Four Ways to Become A Better Communicator & Leader
On any leadership growth journey, one of the key areas of development as a leader is the ability to communicate. In fact, leadership and the ability to communicate go hand in hand. It goes without saying that leaders are expected to be great communicators. They run projects and make decisions that directly impact the business’s bottom line, and most importantly, they constantly interact with people. The way they communicate with their team has a tremendous impact.
I’m guessing each of us can name one leader who has been influential in their success and another who has bulldozed their success. In both cases, it is more than likely due to communication.
Leaders may be experts in their field and have a degree or two. They might even have many innovative ideas that could help solidify a company’s future. But if they can’t convey those ideas in a meaningful way their influence will be limited. Communication failures can be costly for organizations, causing wasted time and effort, low morale, reduced productivity, and a loss of trust and credibility.
On the flip side, the ability to communicate with clarity and purpose where leaders can inspire, motivate and persuade those around them to achieve organizational goals can have the opposite effect. Organizations can build trust and relationships, increase engagement, improve productivity and come together focused on a shared vision.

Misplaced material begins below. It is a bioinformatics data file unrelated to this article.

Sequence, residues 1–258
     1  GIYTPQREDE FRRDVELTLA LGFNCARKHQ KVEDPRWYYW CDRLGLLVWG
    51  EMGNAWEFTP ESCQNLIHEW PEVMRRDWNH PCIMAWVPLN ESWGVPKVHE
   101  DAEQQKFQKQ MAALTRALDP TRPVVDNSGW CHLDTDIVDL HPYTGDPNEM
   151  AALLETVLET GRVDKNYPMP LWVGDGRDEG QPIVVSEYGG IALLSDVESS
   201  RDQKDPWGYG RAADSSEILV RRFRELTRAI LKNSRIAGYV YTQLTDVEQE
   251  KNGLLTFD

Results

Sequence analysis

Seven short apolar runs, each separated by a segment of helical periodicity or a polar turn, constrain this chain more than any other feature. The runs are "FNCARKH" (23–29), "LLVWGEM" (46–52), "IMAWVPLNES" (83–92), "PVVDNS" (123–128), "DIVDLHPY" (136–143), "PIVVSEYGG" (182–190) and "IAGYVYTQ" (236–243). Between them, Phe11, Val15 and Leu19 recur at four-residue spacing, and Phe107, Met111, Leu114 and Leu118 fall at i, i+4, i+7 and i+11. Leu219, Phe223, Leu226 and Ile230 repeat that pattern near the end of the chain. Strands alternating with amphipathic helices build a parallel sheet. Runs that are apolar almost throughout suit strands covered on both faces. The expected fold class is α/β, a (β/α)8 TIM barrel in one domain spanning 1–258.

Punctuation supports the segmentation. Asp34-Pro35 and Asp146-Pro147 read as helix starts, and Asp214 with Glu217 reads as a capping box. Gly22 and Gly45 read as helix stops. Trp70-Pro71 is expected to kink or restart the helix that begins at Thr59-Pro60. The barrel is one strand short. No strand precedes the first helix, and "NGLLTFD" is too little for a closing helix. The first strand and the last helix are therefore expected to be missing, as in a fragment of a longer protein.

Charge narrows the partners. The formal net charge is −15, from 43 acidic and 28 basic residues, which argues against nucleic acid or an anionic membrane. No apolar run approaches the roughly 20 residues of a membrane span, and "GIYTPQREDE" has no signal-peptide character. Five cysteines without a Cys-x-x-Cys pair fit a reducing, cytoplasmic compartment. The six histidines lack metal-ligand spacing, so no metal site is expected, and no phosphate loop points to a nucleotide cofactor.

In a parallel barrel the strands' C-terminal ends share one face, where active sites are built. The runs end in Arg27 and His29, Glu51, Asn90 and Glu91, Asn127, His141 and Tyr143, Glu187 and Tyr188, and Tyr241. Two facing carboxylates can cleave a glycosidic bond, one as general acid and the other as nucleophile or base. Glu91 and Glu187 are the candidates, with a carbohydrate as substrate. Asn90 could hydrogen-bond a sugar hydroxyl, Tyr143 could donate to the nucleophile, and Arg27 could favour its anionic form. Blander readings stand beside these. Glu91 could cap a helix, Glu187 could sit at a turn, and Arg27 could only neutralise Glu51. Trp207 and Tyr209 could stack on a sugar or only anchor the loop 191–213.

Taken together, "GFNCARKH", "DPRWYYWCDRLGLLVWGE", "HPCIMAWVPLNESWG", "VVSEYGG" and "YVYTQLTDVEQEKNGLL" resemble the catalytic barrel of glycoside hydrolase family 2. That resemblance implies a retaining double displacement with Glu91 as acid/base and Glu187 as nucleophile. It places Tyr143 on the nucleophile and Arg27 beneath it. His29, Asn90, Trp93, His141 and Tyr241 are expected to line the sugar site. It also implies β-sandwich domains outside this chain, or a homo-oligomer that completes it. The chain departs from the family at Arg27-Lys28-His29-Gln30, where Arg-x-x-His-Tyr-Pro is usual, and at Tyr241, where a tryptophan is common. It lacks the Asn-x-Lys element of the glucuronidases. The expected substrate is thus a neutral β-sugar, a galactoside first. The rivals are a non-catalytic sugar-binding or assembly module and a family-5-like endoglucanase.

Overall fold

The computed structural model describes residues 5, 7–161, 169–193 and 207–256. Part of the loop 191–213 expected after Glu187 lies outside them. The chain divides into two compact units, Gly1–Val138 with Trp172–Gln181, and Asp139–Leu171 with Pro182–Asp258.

However, leaders often fail to devote as much time to developing their communication skills as they do to honing other business skills because it can seem as though it’s not as worthy of their time. Therefore, I would like to share a couple of tips on how to communicate better:
Know Your Audience. One of the most common communication mistakes leaders make is failing to tailor their message to fit their specific audience. You must understand the challenges and concerns of your team and clients. You need to start by connecting to where your team is if you want to create real influence.
Create Meaning. Twenty years ago, the smartest person in the room at work was the one who had gathered more and better information than anyone else. Today, the smartest person in the room ... is the one who can simplify all the things that are going on and create a path through the complexity and toward a simpler solution.
Be Visible. Visibility is about letting your team and key stakeholders get a feel for who you are and what you care about. It’s easy to hide behind a computer and send messages to others without seeing or interacting with them. Spend some time face-to-face with employees and other members of the company, visit offices, call centers, visit stores and other locations. It shows people that you are approachable and you care about them. The more visible you are, the better you'll be able to lead.
Motivate. Encourage your team to participate and share their ideas because this will help them become personally invested in their work and the work of the company. Motivation will spread to others around them.
According to a recent survey in Success, “91% of the surveyed employees think their managers are not good communicators.”
What kind of communicator are you? And how can you continue to improve your communication skills?
Arthur M. May AIA Assoc. President / CEO
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